Friday, September 2, 2016

WE NEED TO TALK ABOUT KEVIN by Lionel Shriver (School Review)

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Kevin Khatchadourian is guilty of murdering nine of his classmates, a cafeteria worker, and a teacher. He now resides in prison, heavily guarded and being tried as an adult. While locked up, his mother Eva Khatchadourian, comes to visit him.
We Need to Talk About Kevin is the story of Kevin through Eva’s eyes, written in letters to her estranged husband Franklin. She describes raising Kevin in detail, from the day he was born and refused to drink his mother’s milk, to his odd distaste for everything from the very moment he was able to function on his own at all.  The story is just as frightening as it is eye opening - you are forced to ask yourself the age old question “Nature or nurture?” Kevin seems to have come into the world angry and manipulative, but could he really have turned out so bad if he had been raised ‘perfectly?’
There were many themes in this book, including a lot of American culture and bias. A native Armenian, Eva once made mention to Kevin by saying that he was ‘as American as he could be’ after shooting out his school, because she found this action to be distinctively “american.” She also addresses America’s optimism and “high-hopes-crushed” attitude, which is especially embodied in her husband, Franklin.
More importantly, I think that We Need to Talk About Kevin is very psychologically centered, focused on Kevin and trying to show all sides of who he was as a child, teenager, and finally a near adult in a jail cell. After a lot of contemplation, I would say the main theme was exactly the question that I asked above: Are people like Kevin (diagnosed psychopaths and sociopaths) born or made? Or on what side of the scale does it usually tip? In this book particularly, it tries to make it seem like a ‘born’ situation - and does a very convincing job of it - but it’s also a big controversy associated with this book in particular. Eva didn’t deserve a “Mother of the Year” award by any means, but Kevin’s behavior was uncalled for and unexpected even from the time that he was a screaming infant. At the same time, Shriver seems to offer the possibility that Eva’s ambivalence towards maternity may have affected his development, and yet there is no scientific or logical proof that it could happen.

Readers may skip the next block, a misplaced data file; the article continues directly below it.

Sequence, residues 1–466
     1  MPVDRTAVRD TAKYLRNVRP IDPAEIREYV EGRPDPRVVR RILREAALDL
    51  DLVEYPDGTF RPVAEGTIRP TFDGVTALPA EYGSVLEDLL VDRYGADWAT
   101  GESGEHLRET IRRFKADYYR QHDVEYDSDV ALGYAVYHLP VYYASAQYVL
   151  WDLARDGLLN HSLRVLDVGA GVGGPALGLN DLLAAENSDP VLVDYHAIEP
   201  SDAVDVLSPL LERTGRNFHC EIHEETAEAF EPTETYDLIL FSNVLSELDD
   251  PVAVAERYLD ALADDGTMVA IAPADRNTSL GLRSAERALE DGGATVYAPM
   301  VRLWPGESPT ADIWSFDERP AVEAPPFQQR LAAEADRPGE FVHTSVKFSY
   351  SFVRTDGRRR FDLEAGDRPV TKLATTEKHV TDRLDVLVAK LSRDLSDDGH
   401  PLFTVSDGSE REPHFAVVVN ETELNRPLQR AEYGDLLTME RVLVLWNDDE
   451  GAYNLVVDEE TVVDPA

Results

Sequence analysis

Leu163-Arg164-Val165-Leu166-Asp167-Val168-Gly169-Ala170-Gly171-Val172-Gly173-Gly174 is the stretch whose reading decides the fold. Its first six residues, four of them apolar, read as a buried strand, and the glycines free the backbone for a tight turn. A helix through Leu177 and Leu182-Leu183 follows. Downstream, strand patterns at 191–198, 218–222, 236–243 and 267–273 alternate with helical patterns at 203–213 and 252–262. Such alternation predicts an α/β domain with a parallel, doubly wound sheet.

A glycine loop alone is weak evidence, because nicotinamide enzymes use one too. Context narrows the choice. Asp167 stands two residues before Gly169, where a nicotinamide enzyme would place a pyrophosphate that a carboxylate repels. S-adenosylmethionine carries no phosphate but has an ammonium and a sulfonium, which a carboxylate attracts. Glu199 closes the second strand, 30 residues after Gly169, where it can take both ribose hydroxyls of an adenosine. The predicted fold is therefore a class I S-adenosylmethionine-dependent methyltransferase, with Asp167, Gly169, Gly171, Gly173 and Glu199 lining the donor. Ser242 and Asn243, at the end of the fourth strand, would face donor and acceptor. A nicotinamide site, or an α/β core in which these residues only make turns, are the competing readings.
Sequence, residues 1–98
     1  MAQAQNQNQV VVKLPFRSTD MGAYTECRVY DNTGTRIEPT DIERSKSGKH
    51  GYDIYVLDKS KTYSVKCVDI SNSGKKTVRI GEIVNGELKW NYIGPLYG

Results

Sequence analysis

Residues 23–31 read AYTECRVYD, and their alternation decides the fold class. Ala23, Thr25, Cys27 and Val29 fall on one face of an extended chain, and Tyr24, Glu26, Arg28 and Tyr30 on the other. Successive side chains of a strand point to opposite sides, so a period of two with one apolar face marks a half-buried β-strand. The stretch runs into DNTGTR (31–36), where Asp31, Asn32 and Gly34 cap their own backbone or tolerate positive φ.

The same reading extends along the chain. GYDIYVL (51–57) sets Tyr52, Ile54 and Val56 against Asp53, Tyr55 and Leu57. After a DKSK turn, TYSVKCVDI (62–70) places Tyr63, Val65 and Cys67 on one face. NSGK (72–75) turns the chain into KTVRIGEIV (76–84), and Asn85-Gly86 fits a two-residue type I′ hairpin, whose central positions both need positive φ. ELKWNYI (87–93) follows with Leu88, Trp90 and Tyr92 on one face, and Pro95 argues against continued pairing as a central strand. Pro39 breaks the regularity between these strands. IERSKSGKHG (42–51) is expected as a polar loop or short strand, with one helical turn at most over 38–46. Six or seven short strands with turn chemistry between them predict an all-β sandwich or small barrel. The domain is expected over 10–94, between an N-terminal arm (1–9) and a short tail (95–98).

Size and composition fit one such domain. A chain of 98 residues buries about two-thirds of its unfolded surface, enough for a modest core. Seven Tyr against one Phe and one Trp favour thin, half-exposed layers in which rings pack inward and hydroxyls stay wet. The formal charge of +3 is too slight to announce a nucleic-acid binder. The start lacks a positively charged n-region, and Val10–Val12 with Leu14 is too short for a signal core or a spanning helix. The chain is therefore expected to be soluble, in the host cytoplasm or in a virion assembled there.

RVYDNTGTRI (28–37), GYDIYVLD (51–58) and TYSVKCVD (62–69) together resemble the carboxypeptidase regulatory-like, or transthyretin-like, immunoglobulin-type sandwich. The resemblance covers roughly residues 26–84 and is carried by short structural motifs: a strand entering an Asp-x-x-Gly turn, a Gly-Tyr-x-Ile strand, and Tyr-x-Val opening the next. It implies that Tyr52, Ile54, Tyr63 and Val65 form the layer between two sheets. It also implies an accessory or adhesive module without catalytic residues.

I chose to compare We Need to Talk About Kevin with the song “The Chosen Pessimist” by In Flames ( I chose this song because of the tone and feel of it, and because of the lyrics “Approaching constant failure” and “Between love and hate/ Which path to follow?/ How can I keep balance in this race?/ Come faith, I’m dying...” I think that these lyrics really capture Kevin’s mindset. He sees that he is “approaching constant failure” and “between love and hate.” With these viewpoints, it doesn’t seem that there is a wrong or right path, and that the outcomes and consequences are all just blurred together. But if you only see yourself as approaching a “constant failure”, is there really anywhere else to turn?

Overall, I think it was a very well written book with undeniable literary value. It was thought provoking and realistically disturbing; the psychology so real and possible that it nearly made me develop agoraphobia. Shriver definitely did her job.
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